So what else is new on the Fujifilm S5 Pro? Added this time around is what is claimed to be a new and improved low-pass filter to ensure moiré patterns and noise is kept to a minimum (needed perhaps, as the S5 offers light sensitivity up to ISO3200), plus a new Real Photo Processor Pro to reproduce colours closer to how they're seen by the human eye. Ensuring your subject's always in focus no matter where it is in the frame, you also get an 11-point AF system to play with. Added to this is the popular feature on DSLRs in this price bracket £1000+ in the UK namely the ability to capture JPEG and RAW files simultaneously. You therefore have the ability to quickly proof via the former and play around later with the latter. Plus there's the ability to choose from six stepped dynamic range settings, ranging between 'normal' dynamic range (100%) and 400% (dynamic range expanded by two stops). There are also three 'negative film' presets, but, as your head may by now be spinning with all this pro-level specification, more later.
Pick the camera up and straightaway you have the reassurance that this is a professional model: a moisture and dust proof metal alloy body that is broad and chunky in build and, with battery and optional CompactFlash card inserted, weighty enough to require two handed operation before any optic has even been attached. You'll need to budget for that extra lens too, as Fujifilm's RRP is for body only. Though Fujifilm doesn't make or brand any of its own optics, its Nikon F-mount is unsurprisingly compatible with a wide range of Nikon lenses (all Nikkor AF-D/G and AF-S optics). That's just as well; as Fujifilm's PR hadn't provided us with one for review, Nikon UK kindly stepped in with a AF-S DX Zoom-Nikkor 18-70mm f/3.5-4.5G IF ED for the duration of our test (thanks also to Nigel Atherton at What Digital Camera for the short term loan!). Another gripe our review sample hadn't been properly cleaned at the outset, meaning that an initial batch of our test shots revealed dust marks on the sensor that transferred to our images. Still, this gave us an opportunity to test the Fujifilm S5 Pro's self cleaning functionality (it immediately solved the problem as it happens).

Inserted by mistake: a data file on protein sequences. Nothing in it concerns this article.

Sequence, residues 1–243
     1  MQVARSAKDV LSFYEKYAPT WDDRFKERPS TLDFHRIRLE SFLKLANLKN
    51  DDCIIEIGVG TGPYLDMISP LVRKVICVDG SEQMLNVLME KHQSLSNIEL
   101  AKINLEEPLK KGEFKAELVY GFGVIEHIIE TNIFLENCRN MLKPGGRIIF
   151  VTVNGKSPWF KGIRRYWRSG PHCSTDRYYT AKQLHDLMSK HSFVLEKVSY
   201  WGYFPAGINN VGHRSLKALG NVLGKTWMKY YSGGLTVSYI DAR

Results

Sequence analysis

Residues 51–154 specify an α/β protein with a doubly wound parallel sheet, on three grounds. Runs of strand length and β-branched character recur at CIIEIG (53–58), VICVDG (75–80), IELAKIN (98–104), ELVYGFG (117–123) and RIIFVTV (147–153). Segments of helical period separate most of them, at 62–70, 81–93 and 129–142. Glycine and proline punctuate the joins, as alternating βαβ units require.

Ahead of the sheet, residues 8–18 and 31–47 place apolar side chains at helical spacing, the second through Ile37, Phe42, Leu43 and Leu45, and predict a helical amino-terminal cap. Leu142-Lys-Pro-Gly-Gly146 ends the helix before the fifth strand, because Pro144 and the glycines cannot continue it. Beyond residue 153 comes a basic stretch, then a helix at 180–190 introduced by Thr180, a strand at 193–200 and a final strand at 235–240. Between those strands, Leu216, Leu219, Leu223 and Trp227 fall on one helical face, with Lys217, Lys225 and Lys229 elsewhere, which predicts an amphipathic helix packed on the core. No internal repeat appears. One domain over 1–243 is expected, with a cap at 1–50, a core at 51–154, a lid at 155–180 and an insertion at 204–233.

New for the DSLR is the face detection. Fujifilm is the first manufacturer to offer this technique in this class. It only works during the review mode, unlike compact cameras in which it can operate during shooting mode. When you review the images, you can zoom in quickly and control the faces to see if they are in focus. The face is always the most important part of the photo, after all. It wouldn't surprise me if this technique is just the tip of the iceberg. Another special feature is the Live View. Panasonic and Olympus already have it, and Canon is also applying it, but it is still rare for the SLRs. The Fujifilm FinePix S5 Pro, just like the S3 Pro, has a mirror that is flipped up for half a minute, so that the light can fall directly on the sensor and the data are displayed on the 2.5-inch screen.
Below you can see the front view size comparison of Fujifilm S5 Pro and Pentax K-S2. Pentax K-S2 is clearly the smaller of the two cameras. Its body is 24mm narrower, 22mm shorter and 1mm thinner than Fujifilm S5 Pro